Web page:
Hope Is The Thing with Feathers

I first heard about this book from an Atlas Obscura podcast episode about a heath hen sculpture on Martha’s Vineyard. The piece memorialises the last known heath hen to live on earth before they went extinct. It’s part of artist Todd McGrain‘s Lost Bird Project, a set of six site-specific sculptures of bird species that have died out in North America. The project was inspired by the nonfiction book Hope Is The Thing with Feathers by historian Chris Cokinos, which borrows its title from a poem by Emily Dickinson.

This feels like a long train of inspiration — podcast episode to sculpture to book to poem. I took the second-to-last exit and read the book.

The story is a personal retelling of the extinction of six North American species of bird: the heath hen, the passenger pigeon, the ivory-billed woodpecker, the Carolina parakeet, the Labrador duck and the great auk. Cokinos gives a first-person perspective on the story — combining his own personal experience researching the birds’ dwindling and disappearance with historical accounts.

For some of the birds, like the woodpecker and the duck, the species was always rare and reclusive. The Labrador duck was hunted, for example, but no naturalist ever witnessed one’s nest in the wild. Sightings became less and less frequent, and at some point hunters and scientists alike realised that the birds probably don’t exist any more, anywhere. They disappeared in the wild, somewhere, alone. For the woodpecker, last reliably seen in 1944, some birdwatchers still hold out hope, although the US Fish and Wildlife Service declared it officially extinct last year.

But for others like the pigeon, the hen, the parakeet and the auk, the story is one of squandering plenty. The birds were found everywhere around North America when Europeans arrived; he shares historical accounts where billion-bird passenger pigeon flocks blot out the sun for days, or where heath hens are the main poultry eaten multiple times per week by early colonists.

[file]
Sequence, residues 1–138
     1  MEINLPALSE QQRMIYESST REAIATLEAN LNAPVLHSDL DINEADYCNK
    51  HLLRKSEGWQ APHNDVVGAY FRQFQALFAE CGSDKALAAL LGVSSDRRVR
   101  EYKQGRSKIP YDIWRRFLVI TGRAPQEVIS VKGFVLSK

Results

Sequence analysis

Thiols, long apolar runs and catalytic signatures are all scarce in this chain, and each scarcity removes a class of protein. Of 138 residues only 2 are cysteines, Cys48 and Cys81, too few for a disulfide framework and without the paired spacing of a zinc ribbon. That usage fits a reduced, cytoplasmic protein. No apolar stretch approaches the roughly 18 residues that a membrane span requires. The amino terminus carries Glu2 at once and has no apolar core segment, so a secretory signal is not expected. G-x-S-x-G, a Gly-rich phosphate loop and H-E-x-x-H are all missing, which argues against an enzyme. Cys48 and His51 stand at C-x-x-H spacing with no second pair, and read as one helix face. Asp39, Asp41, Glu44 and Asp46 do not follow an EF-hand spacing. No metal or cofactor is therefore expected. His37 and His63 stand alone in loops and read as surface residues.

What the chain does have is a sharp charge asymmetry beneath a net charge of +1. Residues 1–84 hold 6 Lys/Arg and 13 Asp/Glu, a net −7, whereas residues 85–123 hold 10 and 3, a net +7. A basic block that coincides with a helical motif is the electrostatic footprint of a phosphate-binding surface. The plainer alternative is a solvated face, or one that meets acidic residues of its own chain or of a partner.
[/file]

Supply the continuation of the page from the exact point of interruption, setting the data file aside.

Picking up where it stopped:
And somehow, with each, wild hunting in the 1700s and 1800s became industrialised; huge hunting parties mobilised to bring in trainloads of meat or ships full of corpses. For each species, the interruptions these culls brought to their lives and reproduction had the effect of rapid, catastrophic collapse. Counts of specimens for hunts go from millions in one decade to thousands in the next to none in the years after.

Eventually, the last of each species spent its final years in zoos, or reserves, or on remote islands. Naturalists of the early 1900s were less interested in preserving or reproducing the birds in the wild than they were in shooting the now-rare species to keep in their specimen cabinet. Even when preservation became a priority, like with the heath hens on Martha’s Vineyard, bureaucracy, poaching and habitat encroachment kept the species from flourishing again.

It’s a hard book to read; more for the emotional punch than for the quality of the writing, which is really good. Cokinos digs deep into his own feelings about the extinctions. He personally visits the spot where the last passenger pigeon was shot in Ohio, and the rocks where the last great auks were seen in the Iles de la Madeleine. He stands before a drawer filled with stuffed parakeets in the archives of a museum.

There are parts that I miss. Most of the extinctions can be blamed, pretty explicitly, on rapacious hunting and logging between 1750 and 1950. There’s not much that’s contemporary; the near misses of the California condor and the whooping crane aren’t covered. That’s understandable; it’s a book about the absolute finality of the loss of these bird species. But still, it would be good to know, why these and not those? How can we avoid this in the future?

In a time when we’re realising how destructive our presence on this continent is to biodiversity and species counts, this is a really timely book (although written in 2000). It resonated for me in a way that other, more statistical books on the topic haven’t. The data on the thousands of species disappearing into the meat grinder of modern global industrial life is just harder to engage with than the story of Booming Ben, the last heath hen who spent perhaps 5 years as the last of his kind before dying in 1932.

All in all, I recommend the book deeply for anyone interested in biodiversity. There is an ecological grief here that can be helpful for those of us who need to read it.

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